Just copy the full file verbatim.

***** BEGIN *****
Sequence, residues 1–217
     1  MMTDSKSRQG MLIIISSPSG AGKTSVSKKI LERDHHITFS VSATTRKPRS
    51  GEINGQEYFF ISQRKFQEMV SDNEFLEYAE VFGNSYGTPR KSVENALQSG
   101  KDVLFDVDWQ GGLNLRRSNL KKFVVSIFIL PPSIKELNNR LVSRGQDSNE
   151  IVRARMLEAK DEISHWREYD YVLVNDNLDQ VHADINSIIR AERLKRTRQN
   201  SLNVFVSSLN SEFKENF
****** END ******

Sequence, residues 1–217
     1  MMTDSKSRQG MLIIISSPSG AGKTSVSKKI LERDHHITFS VSATTRKPRS
    51  GEINGQEYFF ISQRKFQEMV SDNEFLEYAE VFGNSYGTPR KSVENALQSG
   101  KDVLFDVDWQ GGLNLRRSNL KKFVVSIFIL PPSIKELNNR LVSRGQDSNE
   151  IVRARMLEAK DEISHWREYD YVLVNDNLDQ VHADINSIIR AERLKRTRQN
   201  SLNVFVSSLN SEFKENF